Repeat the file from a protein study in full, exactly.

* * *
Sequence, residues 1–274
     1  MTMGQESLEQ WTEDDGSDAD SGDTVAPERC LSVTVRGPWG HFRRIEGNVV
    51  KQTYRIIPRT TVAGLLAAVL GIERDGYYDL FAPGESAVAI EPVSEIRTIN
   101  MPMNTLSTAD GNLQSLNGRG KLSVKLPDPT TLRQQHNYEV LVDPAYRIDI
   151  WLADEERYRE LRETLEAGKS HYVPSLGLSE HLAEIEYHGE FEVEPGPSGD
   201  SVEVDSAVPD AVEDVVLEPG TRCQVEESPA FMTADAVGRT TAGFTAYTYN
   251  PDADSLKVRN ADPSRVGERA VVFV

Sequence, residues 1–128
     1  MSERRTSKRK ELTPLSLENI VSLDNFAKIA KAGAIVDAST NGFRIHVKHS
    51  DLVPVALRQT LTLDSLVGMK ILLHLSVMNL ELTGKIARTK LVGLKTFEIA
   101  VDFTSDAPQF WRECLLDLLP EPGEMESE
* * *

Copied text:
Sequence, residues 1–274
     1  MTMGQESLEQ WTEDDGSDAD SGDTVAPERC LSVTVRGPWG HFRRIEGNVV
    51  KQTYRIIPRT TVAGLLAAVL GIERDGYYDL FAPGESAVAI EPVSEIRTIN
   101  MPMNTLSTAD GNLQSLNGRG KLSVKLPDPT TLRQQHNYEV LVDPAYRIDI
   151  WLADEERYRE LRETLEAGKS HYVPSLGLSE HLAEIEYHGE FEVEPGPSGD
   201  SVEVDSAVPD AVEDVVLEPG TRCQVEESPA FMTADAVGRT TAGFTAYTYN
   251  PDADSLKVRN ADPSRVGERA VVFV

Sequence, residues 1–128
     1  MSERRTSKRK ELTPLSLENI VSLDNFAKIA KAGAIVDAST NGFRIHVKHS
    51  DLVPVALRQT LTLDSLVGMK ILLHLSVMNL ELTGKIARTK LVGLKTFEIA
   101  VDFTSDAPQF WRECLLDLLP EPGEMESE